We found a nice place with close to 20 feet of water. Dropped anchor, set it, and hurried off for dinner. On our way up stream we passed Windsong as they went in search of deeper water. We arrived at the dock along with the people from Grace, and were met by the village "tourist director" who told us Grace would be on dry ground in a few hours. Naturally they shot back to their boat to head for deeper water too. By this time it was getting hard to get a reading over 15 feet anywhere. In the time from when we anchored till we got to the dock the water had fallen 5 feet and was moving fast. One guess put it at 6 knots.
Dinner was great, rice with chicken. The chicken was in a fantastic sauce made of tomatoes, celery, and other veggies. Not sure what, but it was good. The pots were left on the table and we were told to help our selves if we wanted more. It was so good we pretty much finished it off. During dinner we got to watch a nice lightning storm come in over the mountains. Made for a great dinner and at $4 per person, quite affordable.
After dinner we got out our flashlights and headed home. Courage was driving and I handled the light. We were speeding along at about 10kts plus the 5 or so from the river so we made good time. The light would usually reflect back off the logs so we only hit a few small ones. When we got back to the boat the water was down to 7 feet, and the sides were closing in. We sat there watching the Fathometer as it slowly ticked off the inches. When it hit 4 feet we knew we were aground.
When the tide started coming in, I took the boat hook and pushed us off the riverbank so we could turn around and sit properly. As I write this I can tell we are once again afloat and things are as they should be. Next time perhaps we will try to 25 feet of water...
I am happy to report that even though we are only 50 feet from the jungle, there have been no sightings of mosquitoes. Strange, perhaps they had their fill already?
Thursday, October 17, 2013
So, Courage was trying to say thank you for a great tour of the mountains to his guide. The guide just gave him this strange look. He said it again, and it was easy to see the guide did not know what to make of it. There was a young man nearby who spoke Spanish and offered to help with translating. It turned out what Courage was saying was Thank you for the old women. You gotta love it when things get lost in translation.
We are now anchored off Las Palmas. There is not much here, but it is a good jumping of spot for our next adventure. Tomorrow when the tide is low we will navigate the river with the dingy to lay a GPS track we can follow once the tide is high. After that we will go about 5 miles upriver to visit another village.
Right now there is a bit of a storm off over the mountains with lots of finger lightning (finger lightning is lightning where you see the bolt of light, camera lightning is when you only see the flash, no actual bolt).
Coming in we were moving at about 8kts on an incoming tide. It will be interesting to see how we do against the tide.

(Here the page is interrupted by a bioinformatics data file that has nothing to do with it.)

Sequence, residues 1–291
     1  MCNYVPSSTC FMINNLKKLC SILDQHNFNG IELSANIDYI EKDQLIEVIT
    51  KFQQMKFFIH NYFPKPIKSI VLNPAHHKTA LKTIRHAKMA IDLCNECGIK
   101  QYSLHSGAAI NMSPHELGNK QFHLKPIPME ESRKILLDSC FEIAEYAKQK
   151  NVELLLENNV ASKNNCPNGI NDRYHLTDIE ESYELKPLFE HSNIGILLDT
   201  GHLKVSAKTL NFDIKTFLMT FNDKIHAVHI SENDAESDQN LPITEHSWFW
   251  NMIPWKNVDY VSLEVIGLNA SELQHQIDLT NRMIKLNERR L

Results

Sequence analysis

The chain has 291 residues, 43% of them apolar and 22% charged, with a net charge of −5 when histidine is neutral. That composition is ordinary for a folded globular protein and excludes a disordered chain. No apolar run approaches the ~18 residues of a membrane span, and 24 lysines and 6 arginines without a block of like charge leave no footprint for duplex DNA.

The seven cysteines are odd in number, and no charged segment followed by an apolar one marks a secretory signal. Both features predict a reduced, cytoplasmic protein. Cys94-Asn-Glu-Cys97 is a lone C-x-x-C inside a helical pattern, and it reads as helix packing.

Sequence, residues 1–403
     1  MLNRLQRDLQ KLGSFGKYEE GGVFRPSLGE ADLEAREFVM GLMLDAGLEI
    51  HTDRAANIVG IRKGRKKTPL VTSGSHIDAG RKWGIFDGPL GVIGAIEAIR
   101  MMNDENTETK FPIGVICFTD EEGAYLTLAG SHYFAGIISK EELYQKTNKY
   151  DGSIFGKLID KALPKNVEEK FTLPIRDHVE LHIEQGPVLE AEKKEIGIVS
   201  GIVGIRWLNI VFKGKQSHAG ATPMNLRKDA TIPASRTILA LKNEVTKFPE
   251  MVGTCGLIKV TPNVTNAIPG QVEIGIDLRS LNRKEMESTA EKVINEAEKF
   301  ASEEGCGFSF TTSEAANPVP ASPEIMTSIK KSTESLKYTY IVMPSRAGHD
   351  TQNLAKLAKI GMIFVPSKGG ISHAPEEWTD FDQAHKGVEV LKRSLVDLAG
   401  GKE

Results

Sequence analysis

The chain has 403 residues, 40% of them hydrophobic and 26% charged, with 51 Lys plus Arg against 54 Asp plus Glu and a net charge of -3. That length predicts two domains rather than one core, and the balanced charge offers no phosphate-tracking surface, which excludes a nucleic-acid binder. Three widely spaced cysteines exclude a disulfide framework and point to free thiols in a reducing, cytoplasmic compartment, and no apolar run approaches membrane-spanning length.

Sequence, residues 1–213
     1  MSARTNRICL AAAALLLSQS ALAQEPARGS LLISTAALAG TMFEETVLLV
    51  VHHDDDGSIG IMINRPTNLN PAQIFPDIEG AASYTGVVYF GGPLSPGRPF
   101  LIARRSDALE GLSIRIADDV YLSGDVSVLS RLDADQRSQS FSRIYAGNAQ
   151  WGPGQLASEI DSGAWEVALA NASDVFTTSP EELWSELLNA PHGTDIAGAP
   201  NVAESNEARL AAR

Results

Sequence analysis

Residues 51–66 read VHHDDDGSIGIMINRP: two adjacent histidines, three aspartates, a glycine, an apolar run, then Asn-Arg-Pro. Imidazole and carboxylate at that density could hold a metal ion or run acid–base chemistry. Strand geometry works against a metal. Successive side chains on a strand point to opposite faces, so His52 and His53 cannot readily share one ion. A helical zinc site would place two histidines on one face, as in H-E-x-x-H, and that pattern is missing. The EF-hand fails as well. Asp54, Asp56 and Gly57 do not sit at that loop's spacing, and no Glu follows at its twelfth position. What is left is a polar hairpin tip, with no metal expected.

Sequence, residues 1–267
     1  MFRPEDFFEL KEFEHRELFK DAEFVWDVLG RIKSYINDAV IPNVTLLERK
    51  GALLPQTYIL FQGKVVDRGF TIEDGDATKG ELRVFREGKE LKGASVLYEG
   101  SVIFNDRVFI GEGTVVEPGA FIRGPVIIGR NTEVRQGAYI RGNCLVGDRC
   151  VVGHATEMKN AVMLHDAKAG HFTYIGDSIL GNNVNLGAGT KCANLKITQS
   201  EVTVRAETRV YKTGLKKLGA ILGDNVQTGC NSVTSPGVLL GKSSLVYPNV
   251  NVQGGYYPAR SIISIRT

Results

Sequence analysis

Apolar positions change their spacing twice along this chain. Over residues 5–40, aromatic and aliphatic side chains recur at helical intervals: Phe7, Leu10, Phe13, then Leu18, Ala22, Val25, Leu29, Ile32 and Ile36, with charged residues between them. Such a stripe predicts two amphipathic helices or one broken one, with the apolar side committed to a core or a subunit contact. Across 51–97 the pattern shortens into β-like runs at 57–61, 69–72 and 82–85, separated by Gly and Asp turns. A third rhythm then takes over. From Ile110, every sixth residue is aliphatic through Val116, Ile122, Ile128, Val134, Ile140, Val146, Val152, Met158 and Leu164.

Time for me to hit the hay. We have an early tide tomorrow.
Goodnight from a mosquito free zone.Loyal
Tuesday, October 15, 2013
Another great day here in Rio Sambu! The sun is shining and our batteries are charging. I have a machete ready and we are off to learn how to sharpen it using a file. Along the way we meet several women on their way to say goodbye to us. Our plan is to leave with the high tide. By the time we make it to the village we are a pretty big group. The fellow who was going to sharpen the machete is busy making his rounds in the village, so we walk with him - - sort of a moving class on knife sharpening. It is a pretty simple procedure and in 20 minutes we have visited most of the village, and have a sharp knife.
We are looking for the chief now. Sadly Mother's iPad turned up missing yesterday. After several hours searching the boat we thought we would ask the chief to keep an eye open for anyone who suddenly has an iPad. We did not want to make a federal case of it, but they took it very seriously. We have the word of the whole village they will find it if one of them took it. If they do not find it there, they will file a complaint with the big chief up the river. It is nice to see they are trying to do something about it, and not just say those things happen. We will see.
Back at the boat about 15 children and 7 women and several men, including the chief, have come to see us off. It is a very nice farewell with several nice gifts. Cassidy even got a very nice vase and the boys got toy boats. We made popcorn for the children, and Cassidy gifted a few of her blouses. We brought the boat close to the dock and dropped anchor just 20 feet away. Courage started ferrying our guests to the shore. It took 4 loads to get them all in.
And we were on our way. Navigating the river is pretty easy as it is wide ad usually over 20 feet deep. About the only things we had to watch for were trees and the occasional gator. Once we made it to the mouth of the river Cassidy and I jumped in the dingy to clear a channel across the mud flats. We had a 15-foot pole and kept about 500 feet in front of the boat. Most of the way we were at about 8 feet with a mud bottom. Suddenly the mud turned to rock and we dropped to 7 feet. Cassidy radioed the information back to Courage. Seeing as we would still have 2.5 feet under the rudder we figured it would be okay as long as it did not get any shallower. With the tide racing out we did not want to get stuck. Another 100 feet and the bottom was mud at 8 feet. We were back on track.